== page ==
A word or two of caution. Discuss with your Caregiver the pros and cons before adding and/or changing your exercise and meditation current practices. Let them help you to make informed decisions. Use the Caregiver as your learning resource. Some people have experienced increased anxiety during meditation, so if you are just beginning; do not push yourself too far or too fast. Actually, almost everyone experiences some increased anxiety when first beginning meditation.
Meditation is by far the best way of soothing yourself. Meditation practitioners have observed many positive changes in blood pressure, metabolism, and even concentration levels. Meditation helps to calm the mind and also to help us focus better. The aim of meditation is to make the mind clear and free from disturbing thoughts.
Every little thing matters. That’s why even if it sounds like it won’t make a tremendous difference, listening to your favorite music can have a powerful effect on your anxiety. The key is to make sure you’re listening to music that represents the way you want to feel. Happy or relaxing music, not just any music. The reality is that music does affect emotions. When you’re trying to stop anxiety, you should listen to music that will help you feel the way you want to feel. Music can help to divert the mind from the daily tensions and relaxes tensed muscles and nerves.
Finally, simply learning to live for today can impact your anxiety. One of the most important things that psychologists and counselors teach those with anxiety is: “Okay, you’re anxious. So what?”
Those with anxiety often start to focus too much on how they feel and their worries about the future. Each day becomes trying to live with anxiety instead of trying to live in general. And what’s interesting is that if you can learn to finally have that mindset – to let yourself experience and to live in the Present – you will find that your anxiety tends to dissipate. It’s not a cure, but it’s close.
Some Suggested Guided Meditations
Just suggestions. I, nor anyone, can say do these and any ot the types of anxiety will disappear. Try, and if these are not your style, try others. All of these are short, I think of them as band-aids. Easy to download on your phone, easy to take a quick break and use. With all the guided meditations available, I am sure you will find the one or ones that can provide a little bit of Peace for you, no matter which of the types of anxiety affect you.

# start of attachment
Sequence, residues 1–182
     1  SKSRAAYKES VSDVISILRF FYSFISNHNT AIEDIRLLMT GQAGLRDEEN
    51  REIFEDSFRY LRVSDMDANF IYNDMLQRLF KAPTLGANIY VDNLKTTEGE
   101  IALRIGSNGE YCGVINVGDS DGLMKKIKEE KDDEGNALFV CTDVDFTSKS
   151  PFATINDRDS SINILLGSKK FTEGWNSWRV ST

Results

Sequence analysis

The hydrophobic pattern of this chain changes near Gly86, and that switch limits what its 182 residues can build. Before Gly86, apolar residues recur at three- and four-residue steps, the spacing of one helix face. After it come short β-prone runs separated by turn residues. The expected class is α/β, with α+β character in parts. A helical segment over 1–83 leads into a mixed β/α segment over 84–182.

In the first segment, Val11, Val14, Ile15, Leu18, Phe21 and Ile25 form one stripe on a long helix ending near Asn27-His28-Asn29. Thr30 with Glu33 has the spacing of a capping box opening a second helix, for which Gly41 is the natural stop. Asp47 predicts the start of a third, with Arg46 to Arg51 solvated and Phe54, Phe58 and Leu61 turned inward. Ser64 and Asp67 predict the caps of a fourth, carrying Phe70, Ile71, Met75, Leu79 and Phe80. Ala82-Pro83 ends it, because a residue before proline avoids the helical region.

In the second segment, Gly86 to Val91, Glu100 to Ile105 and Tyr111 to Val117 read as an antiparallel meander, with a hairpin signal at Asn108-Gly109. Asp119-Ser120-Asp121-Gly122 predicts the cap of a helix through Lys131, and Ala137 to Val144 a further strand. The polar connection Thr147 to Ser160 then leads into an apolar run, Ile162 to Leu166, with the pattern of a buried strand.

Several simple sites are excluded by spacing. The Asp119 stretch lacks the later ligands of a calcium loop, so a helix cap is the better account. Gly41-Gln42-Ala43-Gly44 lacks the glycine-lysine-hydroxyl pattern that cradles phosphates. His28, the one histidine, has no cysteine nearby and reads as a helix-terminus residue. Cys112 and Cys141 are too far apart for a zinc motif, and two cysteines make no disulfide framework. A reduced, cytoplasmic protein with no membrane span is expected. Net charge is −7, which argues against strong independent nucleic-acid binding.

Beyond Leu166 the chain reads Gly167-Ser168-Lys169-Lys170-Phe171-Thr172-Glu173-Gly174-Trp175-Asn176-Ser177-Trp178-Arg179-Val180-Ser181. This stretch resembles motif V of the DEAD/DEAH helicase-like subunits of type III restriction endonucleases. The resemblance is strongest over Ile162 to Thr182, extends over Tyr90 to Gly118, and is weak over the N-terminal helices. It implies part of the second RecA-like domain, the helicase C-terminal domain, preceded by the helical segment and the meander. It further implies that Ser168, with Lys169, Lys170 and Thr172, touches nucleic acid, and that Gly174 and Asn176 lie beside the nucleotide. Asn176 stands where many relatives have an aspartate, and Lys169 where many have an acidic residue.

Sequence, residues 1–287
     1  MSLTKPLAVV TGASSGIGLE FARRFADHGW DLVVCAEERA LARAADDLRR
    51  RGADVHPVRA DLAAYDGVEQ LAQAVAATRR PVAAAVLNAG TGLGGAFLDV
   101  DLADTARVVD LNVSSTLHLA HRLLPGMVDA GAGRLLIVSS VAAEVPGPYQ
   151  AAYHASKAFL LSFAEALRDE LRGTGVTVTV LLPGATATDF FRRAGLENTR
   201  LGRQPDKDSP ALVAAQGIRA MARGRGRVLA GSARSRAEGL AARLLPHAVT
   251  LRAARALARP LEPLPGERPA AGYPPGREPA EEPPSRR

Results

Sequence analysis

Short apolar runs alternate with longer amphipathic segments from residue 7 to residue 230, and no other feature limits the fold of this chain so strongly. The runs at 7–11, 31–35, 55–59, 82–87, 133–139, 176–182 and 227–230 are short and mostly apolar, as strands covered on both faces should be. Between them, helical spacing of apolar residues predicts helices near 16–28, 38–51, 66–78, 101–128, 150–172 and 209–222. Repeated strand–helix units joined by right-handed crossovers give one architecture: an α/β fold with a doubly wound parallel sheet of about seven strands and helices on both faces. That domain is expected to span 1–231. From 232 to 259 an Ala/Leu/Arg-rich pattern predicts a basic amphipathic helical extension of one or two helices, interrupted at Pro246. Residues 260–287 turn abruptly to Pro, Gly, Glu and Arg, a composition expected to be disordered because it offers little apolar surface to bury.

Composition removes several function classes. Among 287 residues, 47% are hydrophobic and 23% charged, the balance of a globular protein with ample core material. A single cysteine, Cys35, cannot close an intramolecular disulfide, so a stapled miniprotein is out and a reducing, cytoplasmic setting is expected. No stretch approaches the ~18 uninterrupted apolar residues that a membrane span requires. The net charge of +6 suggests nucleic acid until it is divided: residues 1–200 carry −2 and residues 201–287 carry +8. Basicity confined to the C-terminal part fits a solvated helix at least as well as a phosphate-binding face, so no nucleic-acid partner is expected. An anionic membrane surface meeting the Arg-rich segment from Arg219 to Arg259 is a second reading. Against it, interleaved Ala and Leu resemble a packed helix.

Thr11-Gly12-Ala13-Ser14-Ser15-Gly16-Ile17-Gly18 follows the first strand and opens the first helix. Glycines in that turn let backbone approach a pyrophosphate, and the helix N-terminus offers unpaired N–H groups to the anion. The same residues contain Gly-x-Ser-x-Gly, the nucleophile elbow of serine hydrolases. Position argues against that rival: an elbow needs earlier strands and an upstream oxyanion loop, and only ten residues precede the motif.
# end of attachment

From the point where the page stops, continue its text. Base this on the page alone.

If you are not familiar with meditation, start with the basics and gain some experience. Remember to take it slow and easy.
Generalized Anxiety Disorder
Obsessive-Compulsive Disorder (OCD)
Post-Traumatic Stress Disorder (PTSD)
Social Phobia (or Social Anxiety Disorder)
I often listen to music when I wish to relax and when I meditate. Usually, I pick from one of my playlists of tried and true, but the other day I decided to try something new. I went to Sound Cloud and searched for Alternative instrumental and I found this from David Hyde.
It is a little faster, a little more uptempo but some great feel good music all the same. I added it to my playlist, feel free to do the same. I think this would be a good “Feel Good” type song for any of the types of anxiety disorders.
Anxiety is living in a state of inner turmoil and feelings of dread. All of us, to one degree or another, suffer from it. All of us are affected and have our lives impacted by anxiety. If you or someone you know lives with one or more of these 5 types of anxiety disorders, look at all the resources available. Life is too short, too precious to allow ourselves not to take advantage of living without additional stress.
Use your resources: Medical Doctors, Psychiatrist, Psychologist, Therapist or Certified Mental Health Specialist. Ask questions about meditation, exercise, diet and other alternative treatment programs. Join or form a Support Group. Challange yourself not to allow this to be the driving force in YOUR Life.
Educate yourself. Learn what the triggers are, and how to minimize them. Learn quick stratagies/steps to take when you become overwhelmed. Keep a journal.
Knowledge is Power. Your anxiety knows you and uses that against you. Know your anxiety and use that knowledge against it.
Do you know what your anxiety is? What about for your loved one? Do you have tips or techniques that work for you and are willing to share? There may not be a cure for Anxiety but together we can take our lives back!
I would like to hear your thoughts on anxiety, even if it is not one of the 5 types of anxiety disorders we’ve talked about today. If you have any questions or thoughts or just need to talk it out, please do not hesitate to leave me a comment below. I will reply as soon as I can!
Walking the Path of Peace,